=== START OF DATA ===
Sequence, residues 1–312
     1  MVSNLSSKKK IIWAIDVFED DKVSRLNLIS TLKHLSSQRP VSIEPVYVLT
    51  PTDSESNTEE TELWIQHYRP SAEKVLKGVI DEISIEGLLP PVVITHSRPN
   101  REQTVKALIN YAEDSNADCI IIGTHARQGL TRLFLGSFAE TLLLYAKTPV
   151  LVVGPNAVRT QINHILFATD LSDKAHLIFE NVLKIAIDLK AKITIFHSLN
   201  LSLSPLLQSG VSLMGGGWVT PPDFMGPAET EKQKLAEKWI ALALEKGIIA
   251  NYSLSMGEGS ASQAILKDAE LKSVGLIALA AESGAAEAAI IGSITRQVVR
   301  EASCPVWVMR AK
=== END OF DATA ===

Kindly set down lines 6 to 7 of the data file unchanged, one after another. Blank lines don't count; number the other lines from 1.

   201  LSLSPLLQSG VSLMGGGWVT PPDFMGPAET EKQKLAEKWI ALALEKGIIA
   251  NYSLSMGEGS ASQAILKDAE LKSVGLIALA AESGAAEAAI IGSITRQVVR